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In fact, the whole episode feels like it’s rushing too hard to a conclusion by default – yeah, it’s the season finale, but it feels like it really feels like it, as if the production were really trying (overtrying?) to one-up their work throughout the season. Various plot threads are snipped off (Non, Indigo, Kara’s job and Cat Grant’s inability to pronounce her assistant’s name correctly), some are begun (the Kara/Jimmy thing is going to be rocky, I just hope the writers can make it work) and some are just dismissed with a wave of the hand (Hank Henshaw’s illegal alien tag is waved away once Non and Co are defeated, while previously belligerent Sam Lane (Glen Morshower) actually smiling as he delivers the news, which seems counter-intuitive to his character development thus far) making this episode a real vacillation between fan-service, promoting the series in and of itself, and achieving the requisite amount of tension within the 40-odd minutes it all plays out.

The episode does kick into gear when the Myriad program threatens to kill everyone on Earth by sending out increasingly powerful waves of energy that threaten to pop people’s heads like a watermelon. It’s this End-of-the-World scenario that brings the episode’s most drawn out series of emotional punches, almost none of which work well and feel undercut by the knowledge that the show wouldn’t actually kill off any of the series regulars – Supergirl saved both Jimmy and Winn the previous episode, letting some nameless nobody die instead, so I can’t imagine they’d kill off either of them just for shock value now, let alone anyone else. Instead, the episode goes from “hey, there’s two minutes to save the world” to “and let’s spend 90 seconds of that telling each other how much we love each other”…. I mean, c’mon Kara, this isn’t time for a bespoke affirmation of familial love, this is time to kick ass! Kara’s act of sacrifice to save the world feels less impactful than I imagine the show was going for; and the grey cloak of future story promise (like who the Omegahedron ends up with) shrouds the final moments, in which a Kryptonian pod crashes to Earth with Kara ripping off the door to reveal…well, that’s the cliffhanger, with a sense of continuation.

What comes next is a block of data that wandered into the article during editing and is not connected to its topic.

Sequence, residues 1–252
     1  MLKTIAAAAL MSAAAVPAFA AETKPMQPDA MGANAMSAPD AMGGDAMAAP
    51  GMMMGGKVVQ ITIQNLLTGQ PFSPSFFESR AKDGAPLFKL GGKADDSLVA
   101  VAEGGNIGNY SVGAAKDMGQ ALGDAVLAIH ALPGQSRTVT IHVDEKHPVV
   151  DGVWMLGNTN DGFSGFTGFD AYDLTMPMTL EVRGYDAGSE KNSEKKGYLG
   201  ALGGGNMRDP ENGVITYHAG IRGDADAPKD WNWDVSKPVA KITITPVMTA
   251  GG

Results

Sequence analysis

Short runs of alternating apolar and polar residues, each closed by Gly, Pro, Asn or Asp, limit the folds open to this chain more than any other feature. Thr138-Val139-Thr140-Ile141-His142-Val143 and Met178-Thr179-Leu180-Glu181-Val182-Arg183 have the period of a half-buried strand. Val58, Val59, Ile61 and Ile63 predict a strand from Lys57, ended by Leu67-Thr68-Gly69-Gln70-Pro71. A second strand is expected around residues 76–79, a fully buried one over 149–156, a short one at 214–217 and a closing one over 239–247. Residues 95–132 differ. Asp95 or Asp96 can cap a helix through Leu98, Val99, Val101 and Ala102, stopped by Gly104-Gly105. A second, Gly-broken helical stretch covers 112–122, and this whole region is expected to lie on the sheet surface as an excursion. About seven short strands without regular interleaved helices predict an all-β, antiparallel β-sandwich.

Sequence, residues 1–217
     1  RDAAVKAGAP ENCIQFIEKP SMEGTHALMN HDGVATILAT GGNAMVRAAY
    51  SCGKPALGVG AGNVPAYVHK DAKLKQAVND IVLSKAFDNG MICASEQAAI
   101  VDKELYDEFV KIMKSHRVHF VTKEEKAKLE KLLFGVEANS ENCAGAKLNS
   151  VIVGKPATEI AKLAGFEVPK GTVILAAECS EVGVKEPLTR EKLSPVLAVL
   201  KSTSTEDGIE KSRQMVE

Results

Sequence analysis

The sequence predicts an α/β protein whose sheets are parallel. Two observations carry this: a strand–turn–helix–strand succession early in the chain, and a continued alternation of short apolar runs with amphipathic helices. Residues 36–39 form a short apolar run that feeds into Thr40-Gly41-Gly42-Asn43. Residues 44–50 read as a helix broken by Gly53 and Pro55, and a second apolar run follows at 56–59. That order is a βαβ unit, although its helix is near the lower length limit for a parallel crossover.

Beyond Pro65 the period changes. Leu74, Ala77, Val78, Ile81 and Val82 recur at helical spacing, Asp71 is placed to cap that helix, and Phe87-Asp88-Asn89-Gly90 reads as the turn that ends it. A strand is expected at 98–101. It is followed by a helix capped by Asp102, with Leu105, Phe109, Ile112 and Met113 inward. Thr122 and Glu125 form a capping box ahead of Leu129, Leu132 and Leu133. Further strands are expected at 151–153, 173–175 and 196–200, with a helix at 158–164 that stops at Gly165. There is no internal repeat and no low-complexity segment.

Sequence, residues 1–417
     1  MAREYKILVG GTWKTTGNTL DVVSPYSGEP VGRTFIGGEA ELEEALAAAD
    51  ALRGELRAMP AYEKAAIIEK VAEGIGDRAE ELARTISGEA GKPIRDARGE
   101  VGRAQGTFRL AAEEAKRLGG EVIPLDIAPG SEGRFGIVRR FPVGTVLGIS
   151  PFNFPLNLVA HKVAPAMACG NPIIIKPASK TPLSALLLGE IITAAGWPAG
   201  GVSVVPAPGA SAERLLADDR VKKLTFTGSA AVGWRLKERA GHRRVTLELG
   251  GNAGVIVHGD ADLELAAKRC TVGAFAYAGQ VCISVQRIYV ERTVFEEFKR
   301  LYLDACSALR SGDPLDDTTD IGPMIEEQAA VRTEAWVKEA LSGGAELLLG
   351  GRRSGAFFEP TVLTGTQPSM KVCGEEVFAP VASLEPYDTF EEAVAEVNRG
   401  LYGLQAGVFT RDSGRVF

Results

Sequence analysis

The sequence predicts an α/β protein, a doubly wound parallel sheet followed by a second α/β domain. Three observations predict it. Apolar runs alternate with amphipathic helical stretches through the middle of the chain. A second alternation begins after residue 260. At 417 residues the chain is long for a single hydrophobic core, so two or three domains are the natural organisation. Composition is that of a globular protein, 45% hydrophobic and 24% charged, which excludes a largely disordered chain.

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With “Myriad” being the great episode it was, it’s a shame to see Supergirl stagger, gibbering, to the finish line of its début season. For every moment of heroism and series-regular angst, there’s a moment of groan-worthy pontification that, for me at least, feels just silly. The fine balance between delivering a show for all and a show to suit a specific younger demographic lacks the finesse here, with the script diving headlong into overbaked comic-book tropes and half-hearted moments of emotional diffidence that don’t work as often as they should. “Better Angels” concludes with one heck of a cliffhanger (is the person in the crashed pod Superboy? a mirror Supergirl? Kara’s Kryptonian daddy? Krypto the Wonder Dog? Or worse: Beppo the Super Monkey?), but as an overall episode of the first season it leaves a lot of disappointment in this viewers opinion – it had a lot to live up to, and in my estimation it didn’t hit the heights.